Tool of Thought

APL for the Practical Man

LeetCode 262: Trips and Users

June 26, 2022

After weightedAverage , the single most import function contributing to the success of The Carlisle Group is percentAcross . Like weightedAverage , it is an aggregate function. Like weightedAverage , it is not complicated mathematically or difficult to implement. And like weightedAverage , you won't find it in Excel or SQL.

It takes 2 to 3 arguments. The first argument is the primary numeric vector on which we are computing the percentage. The second argument is the boolean mask to abe applied to the numerator. The optional third argument is the denominator mask, which defaults to 1. The result is simply the quotient of the sums of the primary vector masked by the two booleans.

A simple implementation might look like:

          percentAcross←{
     v n d←3↑⍵,1
     (+/v×n)÷+/v×d
 }

        

We call it "percentAcross" because in the context of a grouped query, its typical usage, it can produce percentages that are additive across the result table, as opposed to down the result table. Repeated calls with mutually exclusive booleans restricting the numerator are a poor man's cross-tab.

Consider:

                percentAcross (20 30 10 40) (0 1 0 1)
0.7

        

The 2nd and 4th item of the vector represent 70 percent of the total. We can restrict the denominator as well:

                percentAcross (20 30 10 40) (0 1 0 1) (0 1 1 1)
0.875

        

The 2nd and 4th item represent 87.5% of the 2nd, 3rd, and 4th items.

With this function in hand, let's tackle LeetCode 262: Trips and Users . We are given two tables:

                d←s.Get '/Databases/LeetCode262'
      d.Display 0
 ── LeetCode262.Users ────────────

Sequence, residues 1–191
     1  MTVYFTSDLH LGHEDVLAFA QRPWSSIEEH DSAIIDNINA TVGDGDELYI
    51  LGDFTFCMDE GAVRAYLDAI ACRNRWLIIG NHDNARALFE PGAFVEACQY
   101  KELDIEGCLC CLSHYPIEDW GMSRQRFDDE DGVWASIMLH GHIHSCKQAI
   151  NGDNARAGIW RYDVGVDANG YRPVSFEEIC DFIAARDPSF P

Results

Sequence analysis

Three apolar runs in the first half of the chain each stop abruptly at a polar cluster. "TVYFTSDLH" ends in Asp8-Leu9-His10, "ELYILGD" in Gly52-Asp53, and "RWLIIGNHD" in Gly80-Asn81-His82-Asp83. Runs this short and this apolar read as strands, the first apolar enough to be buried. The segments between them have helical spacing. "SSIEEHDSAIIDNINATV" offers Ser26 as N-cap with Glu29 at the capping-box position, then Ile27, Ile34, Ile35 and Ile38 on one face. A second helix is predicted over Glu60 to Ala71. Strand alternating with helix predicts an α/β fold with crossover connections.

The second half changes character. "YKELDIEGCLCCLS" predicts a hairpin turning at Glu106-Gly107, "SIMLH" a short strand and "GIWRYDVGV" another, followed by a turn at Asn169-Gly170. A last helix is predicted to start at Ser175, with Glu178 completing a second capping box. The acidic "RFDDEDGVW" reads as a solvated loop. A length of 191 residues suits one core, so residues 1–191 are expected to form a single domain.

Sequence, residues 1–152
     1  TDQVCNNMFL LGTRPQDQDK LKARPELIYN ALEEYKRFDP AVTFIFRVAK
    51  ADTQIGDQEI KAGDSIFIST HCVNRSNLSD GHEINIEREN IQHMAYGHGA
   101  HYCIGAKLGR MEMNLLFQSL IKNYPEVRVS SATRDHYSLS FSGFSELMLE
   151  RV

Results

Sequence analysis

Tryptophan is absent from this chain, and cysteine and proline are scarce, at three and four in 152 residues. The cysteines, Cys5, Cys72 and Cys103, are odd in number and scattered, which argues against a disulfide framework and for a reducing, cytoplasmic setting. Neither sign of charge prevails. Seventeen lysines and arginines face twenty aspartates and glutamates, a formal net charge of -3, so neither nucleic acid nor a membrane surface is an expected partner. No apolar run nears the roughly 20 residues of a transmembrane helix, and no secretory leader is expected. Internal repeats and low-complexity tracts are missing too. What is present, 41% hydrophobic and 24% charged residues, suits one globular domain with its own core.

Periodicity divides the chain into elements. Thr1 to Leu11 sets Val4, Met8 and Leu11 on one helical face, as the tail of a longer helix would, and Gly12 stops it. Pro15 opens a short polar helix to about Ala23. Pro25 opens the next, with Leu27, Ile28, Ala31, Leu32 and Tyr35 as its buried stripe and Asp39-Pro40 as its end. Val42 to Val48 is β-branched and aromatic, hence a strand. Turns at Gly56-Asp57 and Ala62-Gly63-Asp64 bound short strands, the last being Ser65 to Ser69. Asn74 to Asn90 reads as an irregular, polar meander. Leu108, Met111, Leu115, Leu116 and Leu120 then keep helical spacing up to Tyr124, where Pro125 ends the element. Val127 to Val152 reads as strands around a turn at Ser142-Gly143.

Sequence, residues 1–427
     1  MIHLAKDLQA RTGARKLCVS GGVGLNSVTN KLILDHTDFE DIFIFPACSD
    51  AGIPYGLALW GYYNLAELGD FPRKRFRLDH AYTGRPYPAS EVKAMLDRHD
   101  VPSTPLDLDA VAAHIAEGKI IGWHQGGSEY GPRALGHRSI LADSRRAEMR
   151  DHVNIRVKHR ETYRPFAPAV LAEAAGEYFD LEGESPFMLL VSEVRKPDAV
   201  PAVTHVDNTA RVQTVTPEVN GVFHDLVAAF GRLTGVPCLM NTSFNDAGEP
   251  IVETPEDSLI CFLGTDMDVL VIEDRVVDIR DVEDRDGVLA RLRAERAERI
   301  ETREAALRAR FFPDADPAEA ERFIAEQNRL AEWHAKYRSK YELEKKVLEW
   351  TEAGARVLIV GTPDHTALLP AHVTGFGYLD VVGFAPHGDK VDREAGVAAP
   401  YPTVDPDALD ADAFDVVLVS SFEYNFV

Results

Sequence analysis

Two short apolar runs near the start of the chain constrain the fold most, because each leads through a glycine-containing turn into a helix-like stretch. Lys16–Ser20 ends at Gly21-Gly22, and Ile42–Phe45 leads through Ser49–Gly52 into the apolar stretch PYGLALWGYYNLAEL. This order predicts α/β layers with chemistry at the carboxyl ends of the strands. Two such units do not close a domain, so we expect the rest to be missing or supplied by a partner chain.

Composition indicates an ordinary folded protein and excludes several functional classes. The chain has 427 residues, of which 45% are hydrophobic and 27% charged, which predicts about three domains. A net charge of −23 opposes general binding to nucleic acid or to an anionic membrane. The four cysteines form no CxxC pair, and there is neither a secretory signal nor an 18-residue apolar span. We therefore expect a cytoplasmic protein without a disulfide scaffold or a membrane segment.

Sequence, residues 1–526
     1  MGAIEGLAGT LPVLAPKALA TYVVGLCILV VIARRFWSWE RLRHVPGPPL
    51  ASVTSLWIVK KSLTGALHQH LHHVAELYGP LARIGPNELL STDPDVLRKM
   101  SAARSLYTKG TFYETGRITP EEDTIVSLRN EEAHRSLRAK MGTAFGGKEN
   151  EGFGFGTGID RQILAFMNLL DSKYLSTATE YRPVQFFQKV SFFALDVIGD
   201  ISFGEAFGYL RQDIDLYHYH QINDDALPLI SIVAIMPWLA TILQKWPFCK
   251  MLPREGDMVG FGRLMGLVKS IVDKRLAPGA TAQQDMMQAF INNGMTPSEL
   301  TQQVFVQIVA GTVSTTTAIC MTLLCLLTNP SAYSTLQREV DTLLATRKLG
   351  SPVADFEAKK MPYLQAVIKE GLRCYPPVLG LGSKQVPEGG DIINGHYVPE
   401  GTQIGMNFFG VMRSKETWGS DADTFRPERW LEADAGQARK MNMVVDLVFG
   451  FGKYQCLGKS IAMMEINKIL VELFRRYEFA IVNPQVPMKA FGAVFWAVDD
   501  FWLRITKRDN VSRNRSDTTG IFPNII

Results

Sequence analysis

┌UsersID┐  ┌Banned─┐  ┌Roll───┐                                                
  ↓1      │  ↓No     │  ↓client │                                                
  │2      │  │Yes    │  │client │                                                
  │3      │  │No     │  │client │                                                
  │4      │  │No     │  │client │                                                
  │10     │  │No     │  │driver │                                                
  │11     │  │No     │  │driver │                                                
  │12     │  │No     │  │driver │                                                
  │13     │  │No     │  │driver │                                                
  └Int8───┘  └Char(3)┘  └Char(6)┘                                                
 ── 8 rows by 3 columns ──────────                                               
                                                                                 
 ── LeetCode262.Trips ────────────────────────────────────────────────────────── 
  ┌ID──┐  ┌ClientID┐  ┌DriverID┐  ┌CityID┐  ┌Status─────────────┐  ┌RequestAt─┐  
  ↓1   │  ↓1       │  ↓10      │  ↓1     │  ↓completed          │  ↓2013-10-01│  
  │2   │  │2       │  │11      │  │1     │  │cancelled by driver│  │2013-10-01│  
  │3   │  │3       │  │12      │  │6     │  │completed          │  │2013-10-01│  
  │4   │  │4       │  │13      │  │6     │  │cancelled by client│  │2013-10-01│  
  │5   │  │1       │  │10      │  │1     │  │completed          │  │2013-10-02│  
  │6   │  │2       │  │11      │  │6     │  │completed          │  │2013-10-02│  
  │7   │  │3       │  │12      │  │6     │  │completed          │  │2013-10-02│  
  │8   │  │2       │  │12      │  │12    │  │completed          │  │2013-10-03│  
  │9   │  │3       │  │10      │  │12    │  │completed          │  │2013-10-03│